– Rainfall could decrease by 40%.


A Jamaican researcher has warned that the Caribbean will have to take steps to combat climate change, as predictions are that the region will become increasingly hotter and drier if global temperature rise continues or increases. Dale Rankine, a PhD candidate at the University of the West Indies (UWI) and member of the UWI Climate Studies Group, told regional journalists on Wednesday that rainfall across the region could decrease by 40 per cent between May and November by 2050.

“Sixty per cent of the rainfall in all the Caribbean falls between May to November, so, if we get drier between May and November, we are in some serious trouble. This is a compelling story; it is a serious challenge,” Rankine said. He said such a scenario is important because it is going to impact more specifically on food security. Scientists are 95 per cent certain that human activity contributes to climate change and say the burning of fossil fuels such as coal and methane contribute to the problem.

Rankine noted that while no one knows exactly how climate change will impact the region, there are already observable changes in some countries. “We are seeing as well that the observed trends that we have in changes are also quite clear. In Bermuda, we have seen a two millimetre increase in sea levels. In Puerto Rico, it is 1.65 millimetres,” he said, adding, “That is quite significant when you talk about an incremental change that is taking place every year.”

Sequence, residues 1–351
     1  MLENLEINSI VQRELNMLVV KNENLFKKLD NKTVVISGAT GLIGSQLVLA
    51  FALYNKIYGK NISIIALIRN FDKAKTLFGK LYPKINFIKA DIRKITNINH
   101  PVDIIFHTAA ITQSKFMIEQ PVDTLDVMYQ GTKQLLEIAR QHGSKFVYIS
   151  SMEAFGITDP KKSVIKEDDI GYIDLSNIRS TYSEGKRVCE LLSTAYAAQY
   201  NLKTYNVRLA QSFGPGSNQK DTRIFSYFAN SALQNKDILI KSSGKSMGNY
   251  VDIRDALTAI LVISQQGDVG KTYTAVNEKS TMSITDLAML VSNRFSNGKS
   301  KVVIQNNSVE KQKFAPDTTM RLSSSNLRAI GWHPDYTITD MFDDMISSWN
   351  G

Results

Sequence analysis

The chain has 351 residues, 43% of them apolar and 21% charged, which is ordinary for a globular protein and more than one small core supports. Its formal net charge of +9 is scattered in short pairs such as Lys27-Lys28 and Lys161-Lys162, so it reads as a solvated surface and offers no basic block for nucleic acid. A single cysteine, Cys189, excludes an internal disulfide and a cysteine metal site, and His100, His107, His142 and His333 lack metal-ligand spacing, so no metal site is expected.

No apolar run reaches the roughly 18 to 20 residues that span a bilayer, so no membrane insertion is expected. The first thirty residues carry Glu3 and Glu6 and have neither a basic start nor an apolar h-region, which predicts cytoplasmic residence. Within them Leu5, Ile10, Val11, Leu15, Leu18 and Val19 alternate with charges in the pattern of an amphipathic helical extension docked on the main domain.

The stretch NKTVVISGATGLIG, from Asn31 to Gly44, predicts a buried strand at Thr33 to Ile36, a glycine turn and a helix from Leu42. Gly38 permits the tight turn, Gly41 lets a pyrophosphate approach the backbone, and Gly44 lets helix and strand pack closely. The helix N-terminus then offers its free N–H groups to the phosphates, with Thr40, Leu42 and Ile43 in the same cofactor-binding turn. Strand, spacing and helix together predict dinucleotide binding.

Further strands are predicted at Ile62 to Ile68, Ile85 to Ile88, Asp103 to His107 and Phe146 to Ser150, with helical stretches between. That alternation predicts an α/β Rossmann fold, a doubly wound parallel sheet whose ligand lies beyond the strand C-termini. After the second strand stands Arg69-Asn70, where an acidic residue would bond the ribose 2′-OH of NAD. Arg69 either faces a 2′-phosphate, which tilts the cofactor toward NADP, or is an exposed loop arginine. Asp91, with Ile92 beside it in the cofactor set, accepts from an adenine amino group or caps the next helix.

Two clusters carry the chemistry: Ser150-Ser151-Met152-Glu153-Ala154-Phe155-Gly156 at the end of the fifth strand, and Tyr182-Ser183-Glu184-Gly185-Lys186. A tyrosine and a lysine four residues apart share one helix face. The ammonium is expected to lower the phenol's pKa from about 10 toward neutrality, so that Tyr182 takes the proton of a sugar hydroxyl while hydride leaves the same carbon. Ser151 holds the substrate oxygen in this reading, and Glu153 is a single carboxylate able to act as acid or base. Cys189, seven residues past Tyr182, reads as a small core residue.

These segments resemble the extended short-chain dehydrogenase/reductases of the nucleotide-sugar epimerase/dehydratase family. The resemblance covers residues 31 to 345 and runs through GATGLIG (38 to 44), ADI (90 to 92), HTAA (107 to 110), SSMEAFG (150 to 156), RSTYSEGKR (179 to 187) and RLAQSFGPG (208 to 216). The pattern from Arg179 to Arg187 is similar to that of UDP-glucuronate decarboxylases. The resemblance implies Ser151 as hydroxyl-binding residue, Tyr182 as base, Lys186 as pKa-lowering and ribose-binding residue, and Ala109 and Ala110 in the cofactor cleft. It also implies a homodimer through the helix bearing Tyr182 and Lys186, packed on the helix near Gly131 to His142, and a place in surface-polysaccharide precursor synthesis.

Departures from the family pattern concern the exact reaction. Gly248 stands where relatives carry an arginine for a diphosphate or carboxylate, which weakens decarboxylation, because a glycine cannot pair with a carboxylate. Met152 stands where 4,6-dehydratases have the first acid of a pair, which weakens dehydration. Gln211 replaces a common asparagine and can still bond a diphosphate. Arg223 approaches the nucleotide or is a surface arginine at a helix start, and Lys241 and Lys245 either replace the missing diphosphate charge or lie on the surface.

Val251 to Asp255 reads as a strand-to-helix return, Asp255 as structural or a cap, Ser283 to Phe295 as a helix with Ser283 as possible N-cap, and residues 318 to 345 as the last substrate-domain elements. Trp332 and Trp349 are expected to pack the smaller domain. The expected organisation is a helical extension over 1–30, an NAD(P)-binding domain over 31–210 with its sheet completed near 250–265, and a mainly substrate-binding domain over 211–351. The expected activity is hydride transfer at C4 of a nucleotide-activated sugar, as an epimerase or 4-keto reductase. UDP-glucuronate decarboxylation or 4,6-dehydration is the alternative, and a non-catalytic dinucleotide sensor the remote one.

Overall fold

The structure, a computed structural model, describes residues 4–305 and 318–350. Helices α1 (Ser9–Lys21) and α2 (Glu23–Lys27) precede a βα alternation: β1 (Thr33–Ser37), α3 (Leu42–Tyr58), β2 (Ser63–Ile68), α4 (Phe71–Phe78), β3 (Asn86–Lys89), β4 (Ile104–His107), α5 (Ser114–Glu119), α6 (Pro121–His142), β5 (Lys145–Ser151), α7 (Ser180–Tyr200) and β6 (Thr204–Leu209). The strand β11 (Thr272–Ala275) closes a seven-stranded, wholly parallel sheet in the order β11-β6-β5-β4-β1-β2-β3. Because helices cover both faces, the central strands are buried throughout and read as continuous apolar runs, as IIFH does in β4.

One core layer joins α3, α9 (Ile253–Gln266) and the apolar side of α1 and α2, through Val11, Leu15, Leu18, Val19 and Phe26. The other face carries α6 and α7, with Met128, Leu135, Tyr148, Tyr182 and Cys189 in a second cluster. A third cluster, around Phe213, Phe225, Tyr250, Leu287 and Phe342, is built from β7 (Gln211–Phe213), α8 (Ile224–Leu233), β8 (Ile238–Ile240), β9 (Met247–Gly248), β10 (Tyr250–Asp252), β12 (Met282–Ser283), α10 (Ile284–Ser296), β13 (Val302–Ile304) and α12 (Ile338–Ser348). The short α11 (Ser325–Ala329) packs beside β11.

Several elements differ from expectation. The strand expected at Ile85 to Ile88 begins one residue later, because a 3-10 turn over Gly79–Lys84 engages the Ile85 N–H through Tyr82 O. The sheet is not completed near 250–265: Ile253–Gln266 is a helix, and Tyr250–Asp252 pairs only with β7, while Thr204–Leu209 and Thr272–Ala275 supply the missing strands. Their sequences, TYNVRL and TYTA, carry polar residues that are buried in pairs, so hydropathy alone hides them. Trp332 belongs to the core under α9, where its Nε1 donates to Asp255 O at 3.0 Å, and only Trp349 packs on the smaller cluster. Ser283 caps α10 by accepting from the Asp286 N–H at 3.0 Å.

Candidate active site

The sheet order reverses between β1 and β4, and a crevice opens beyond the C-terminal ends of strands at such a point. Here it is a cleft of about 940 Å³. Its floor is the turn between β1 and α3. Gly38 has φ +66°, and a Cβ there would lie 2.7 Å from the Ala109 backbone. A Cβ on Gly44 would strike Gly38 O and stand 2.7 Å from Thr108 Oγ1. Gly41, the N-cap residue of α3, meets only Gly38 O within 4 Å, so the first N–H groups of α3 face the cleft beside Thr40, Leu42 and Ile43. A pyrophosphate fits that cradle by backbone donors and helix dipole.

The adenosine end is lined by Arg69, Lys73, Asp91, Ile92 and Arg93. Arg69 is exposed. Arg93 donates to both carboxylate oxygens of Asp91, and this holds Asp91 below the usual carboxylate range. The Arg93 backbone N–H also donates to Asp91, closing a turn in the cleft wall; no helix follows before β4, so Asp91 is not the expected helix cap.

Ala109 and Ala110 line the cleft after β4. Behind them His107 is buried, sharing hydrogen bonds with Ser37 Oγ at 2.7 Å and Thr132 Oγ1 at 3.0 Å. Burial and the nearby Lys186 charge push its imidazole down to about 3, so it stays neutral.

He said adaptation to climate change is the best option for the region, and pointed out that there must be re-orientation about the way the region does business. Rankine said the Caribbean will also have to reposition, explaining, “That is how we integrate and mainstream climate change in all we do.” “At the end of the day though, climate has changed, climate will change, and it demands change and it’s something we’ll all have to live with,” Rankine stressed.

Extracted and modified from Caribbean 360


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